106. Jiang LQ, Cai WJ, Wang Y (2008) A comparative study of carbon dioxide degassing in river- and marine-dominated estuaries. Limnol Oceanogr 53:2603–2615Google Scholar
  107. Kaul LW, Froelich PN (1984) Modeling estuarine nutrient geochemistry in a simple system. Geochim Cosmochim Acta 48:1417–1433Google Scholar
  108. Keeney-Kennicutt WL, Presley BJ (1986) The geochemistry of trace metals in the Brazos river estuary. Estuar Coast Shelf Sci 22:459–477Google Scholar
  109. Keil RG, Mayer LM, Quay PD, Richey JE, Hedges JI (1997) Loss of organic matter from riverine particles in deltas. Geochim Cosmochim Acta 61:1507–1511Google Scholar
  110. Ketchum BH (1955) Distribution of coliform bacteria and other pollutant in tidal estuaries. Sewage Ind Wastes 27:1288–1296Google Scholar
  111. Kim S, Cerco CF (2003) Hydrodynamic and eutrophication model of the Chester River estuary and the Eastern Bay estuary.Oceanol 45:67–80Google Scholar
  112. Krom MD, Berner RA (1980) Adsorption of phosphate in anoxic marine sediments. Limnol Oceanogr 25:797–806Google Scholar
  113. Lancelot C, Muylaert K (2011) Trends in estuarine phytoplankton ecology. Treatise Estuar Coast Sci 7:5–15Google Scholar
  114. Lancelot C, Veth C, Mathot S (1991) Modelling ice-edge phytoplankton bloom in the Scotia-Weddell sea sector of the Southern Ocean during spring 1988. J Mar Syst 2:333–346Google Scholar
  115. Lancelot C, Hannon E, Becquevort S, Veth C, de Baar HJW (2000) Modelling phytoplankton blooms and carbon export production in the Southern Ocean: dominant controls by light and iron in the Atlantic sector in Austral spring 1992. Deep-Sea Res I 47:1621–1662Google Scholar
  116. Langdon C (1988) On the causes of interspecific differences in the growth-irradiance relationship for phytoplankton. II. A general review. J Phytoplankton Res 10:1291–1312Google Scholar
  117. Laruelle GG, Regnier P, Ragueneau O, Kempa M, Moriceau B, Ni Longphuirt S, Leynaert A, Thouzeau G, Chauvaud L (2009a) Benthic-pelagic coupling and the seasonal silica cycle in the Bay of Brest (France): new insights from a coupled physical-biological model. Mar Ecol Prog Ser 385:15–32Google Scholar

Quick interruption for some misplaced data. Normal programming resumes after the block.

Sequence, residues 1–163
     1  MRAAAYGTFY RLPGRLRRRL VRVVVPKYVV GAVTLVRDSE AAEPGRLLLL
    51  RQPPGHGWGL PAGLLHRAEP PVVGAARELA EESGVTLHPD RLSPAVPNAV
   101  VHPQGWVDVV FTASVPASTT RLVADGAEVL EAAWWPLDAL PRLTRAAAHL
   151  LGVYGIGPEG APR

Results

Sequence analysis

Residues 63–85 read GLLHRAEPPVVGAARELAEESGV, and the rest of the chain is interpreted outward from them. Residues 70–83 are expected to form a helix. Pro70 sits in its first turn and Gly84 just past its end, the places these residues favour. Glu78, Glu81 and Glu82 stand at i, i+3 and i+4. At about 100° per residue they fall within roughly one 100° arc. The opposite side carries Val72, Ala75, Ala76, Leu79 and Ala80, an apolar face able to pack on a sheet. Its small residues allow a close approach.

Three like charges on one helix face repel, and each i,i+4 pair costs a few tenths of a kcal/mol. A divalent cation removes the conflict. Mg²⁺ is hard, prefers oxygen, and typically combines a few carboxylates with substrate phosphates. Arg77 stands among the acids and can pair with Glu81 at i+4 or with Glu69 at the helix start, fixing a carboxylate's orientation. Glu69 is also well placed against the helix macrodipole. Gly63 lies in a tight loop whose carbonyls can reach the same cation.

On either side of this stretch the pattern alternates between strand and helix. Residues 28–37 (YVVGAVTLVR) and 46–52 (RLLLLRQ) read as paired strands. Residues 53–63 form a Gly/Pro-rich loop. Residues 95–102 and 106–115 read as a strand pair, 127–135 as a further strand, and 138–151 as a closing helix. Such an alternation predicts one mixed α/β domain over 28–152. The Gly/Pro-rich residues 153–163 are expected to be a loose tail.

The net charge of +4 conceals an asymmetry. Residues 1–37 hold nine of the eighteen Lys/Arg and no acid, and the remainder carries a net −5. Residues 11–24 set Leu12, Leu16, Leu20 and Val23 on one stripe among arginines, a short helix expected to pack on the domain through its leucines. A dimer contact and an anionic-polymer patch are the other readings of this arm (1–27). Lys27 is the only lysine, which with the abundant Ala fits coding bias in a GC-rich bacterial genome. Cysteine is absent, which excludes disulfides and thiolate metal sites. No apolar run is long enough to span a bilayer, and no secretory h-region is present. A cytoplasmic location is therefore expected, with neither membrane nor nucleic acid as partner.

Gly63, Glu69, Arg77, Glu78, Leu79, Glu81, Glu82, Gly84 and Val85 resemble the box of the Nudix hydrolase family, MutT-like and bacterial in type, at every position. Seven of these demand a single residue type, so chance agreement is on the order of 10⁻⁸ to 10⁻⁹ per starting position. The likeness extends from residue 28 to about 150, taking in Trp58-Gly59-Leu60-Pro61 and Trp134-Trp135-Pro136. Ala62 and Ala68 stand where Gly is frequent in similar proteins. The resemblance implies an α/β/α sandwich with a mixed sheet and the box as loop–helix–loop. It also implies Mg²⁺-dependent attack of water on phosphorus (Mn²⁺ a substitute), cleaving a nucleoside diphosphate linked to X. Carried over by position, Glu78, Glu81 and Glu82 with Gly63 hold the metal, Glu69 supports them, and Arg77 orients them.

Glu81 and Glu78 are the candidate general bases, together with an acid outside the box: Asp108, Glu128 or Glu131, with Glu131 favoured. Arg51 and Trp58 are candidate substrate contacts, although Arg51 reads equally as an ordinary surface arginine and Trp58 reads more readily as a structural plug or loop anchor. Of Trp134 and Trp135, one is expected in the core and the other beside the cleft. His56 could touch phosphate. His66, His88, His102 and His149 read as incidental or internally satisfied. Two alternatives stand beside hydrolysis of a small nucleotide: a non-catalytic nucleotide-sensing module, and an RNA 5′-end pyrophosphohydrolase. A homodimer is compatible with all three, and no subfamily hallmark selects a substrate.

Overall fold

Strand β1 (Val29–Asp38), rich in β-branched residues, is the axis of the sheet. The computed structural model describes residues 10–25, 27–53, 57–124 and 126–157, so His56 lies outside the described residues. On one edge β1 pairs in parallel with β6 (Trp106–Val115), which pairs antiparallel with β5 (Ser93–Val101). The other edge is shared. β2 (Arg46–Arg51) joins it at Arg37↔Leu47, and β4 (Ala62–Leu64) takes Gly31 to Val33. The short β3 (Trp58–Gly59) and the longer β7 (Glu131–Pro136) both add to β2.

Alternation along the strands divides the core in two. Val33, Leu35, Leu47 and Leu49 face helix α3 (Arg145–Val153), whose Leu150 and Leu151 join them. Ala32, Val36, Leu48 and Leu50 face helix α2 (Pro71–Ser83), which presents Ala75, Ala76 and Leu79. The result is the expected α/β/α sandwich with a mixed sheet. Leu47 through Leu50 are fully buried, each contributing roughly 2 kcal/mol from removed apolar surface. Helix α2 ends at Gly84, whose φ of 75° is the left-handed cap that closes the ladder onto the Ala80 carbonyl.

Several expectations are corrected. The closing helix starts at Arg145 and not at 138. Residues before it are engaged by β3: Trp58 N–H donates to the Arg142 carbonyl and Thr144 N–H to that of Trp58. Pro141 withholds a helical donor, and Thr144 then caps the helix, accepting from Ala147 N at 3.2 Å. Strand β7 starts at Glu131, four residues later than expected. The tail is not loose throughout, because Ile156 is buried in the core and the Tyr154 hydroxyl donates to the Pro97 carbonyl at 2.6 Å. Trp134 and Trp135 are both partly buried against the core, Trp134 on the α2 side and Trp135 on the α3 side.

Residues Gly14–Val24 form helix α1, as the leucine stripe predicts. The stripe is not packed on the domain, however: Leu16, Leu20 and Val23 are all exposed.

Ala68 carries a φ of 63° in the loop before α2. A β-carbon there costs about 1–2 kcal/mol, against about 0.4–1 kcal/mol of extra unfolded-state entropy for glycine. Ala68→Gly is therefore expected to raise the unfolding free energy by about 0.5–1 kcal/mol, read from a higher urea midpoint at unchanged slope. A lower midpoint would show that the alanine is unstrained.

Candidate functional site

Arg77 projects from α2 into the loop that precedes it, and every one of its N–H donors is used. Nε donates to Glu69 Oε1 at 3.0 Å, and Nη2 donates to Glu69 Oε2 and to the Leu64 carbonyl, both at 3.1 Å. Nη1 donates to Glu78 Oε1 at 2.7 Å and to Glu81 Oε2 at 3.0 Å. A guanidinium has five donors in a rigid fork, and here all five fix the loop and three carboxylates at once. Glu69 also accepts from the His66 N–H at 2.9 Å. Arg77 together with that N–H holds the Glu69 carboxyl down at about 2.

118. Laruelle GG, Roubeix P, Sferratore A, Brodherr B, Ciuffa D, Conley DJ, Dürr HH, Garnier J, Lancelot C, Le Thi Phuong Q, Meunier JD, Meybeck M, Michalopoulos P, Moriceau B, Ní Longphuirt S, Loucaides S, Papush L, Presti M, Ragueneau O, Regnier PAG, Saccone L, Slomp CP, Spiteri C, Van Cappellen P (2009b) The global biogeochemical cycle of silicon: role of the land–ocean transition and response to anthropogenic perturbation. Glob Biogeochem Cycles 23. doi:  10.01029/2008GB003267
  119. Laruelle GG, Dürr HH, Slomp CP, Borges AV (2010) Evaluation of sinks and sources of CO2 in the global coastal ocean using a spatially-explicit typology of estuaries and continental shelves. Geophys Res Lett 37:1–6Google Scholar
  120. Laruelle GG, Dürr HH, Lauerwald R, Hartmann J, Slomp CP, Goossens N, Regnier PAG (2013) Global multi-scale segmentation of continental and coastal waters from the watersheds to the continental margins. Hydrol Earth Syst Sci 17:2029–2051Google Scholar
  121. Lauerwald R, Hartmann J, Ludwig W, Moosdorf N (2012) Assessing the non-conservative fluvial fluxes of dissolved organic carbon in North America. J Geophys Res. doi:  10.1029/2011JG001820
  122. Lee DI, Parl CK, Cho HS (2005) Ecological modeling for water quality management of Kwangyang Bay, Korea. J Environ Manag 74:327–337Google Scholar
  123. Lefort S, Gratton Y, Mucci A, Dadou I, Gilbert D (2012) Hypoxia in the Lower St. Lawrence Estuary: how physics controls spatial patterns. J Geophys Res 117:1–14Google Scholar
  124. Lewitus AJ, Kana TM (1995) Light respiration in six estuarine phytoplankton species: contrasts under photoautotrophic and mixotrophic growth conditions. J Phycol 31:754–761Google Scholar
  125. Lichtner PC, Steefel CI, Oelkers EH (1996) Reactive transport in porous media. Reviews in mineralogy, vol 34. The mineralogical society of America, WashingtonGoogle Scholar
  126. Lin J, Xie L, Pietrafesa LJ, Ramus JS, Paerl HW (2007) Water quality gradients across Albemarle-Pamlico estuarine system: seasonal variations and model applications. J Coast Res 23:213–229Google Scholar
  127. Lin J, Xie L, Pietrafesa LJ, Xu H, Woods W, Mallin MA, Durako MJ (2008) Water quality responses to simulated flow and nutrient reductions in the Cape Fear River Estuary and adjacent coastal region, North Carolina. Ecol Model 212:200–217Google Scholar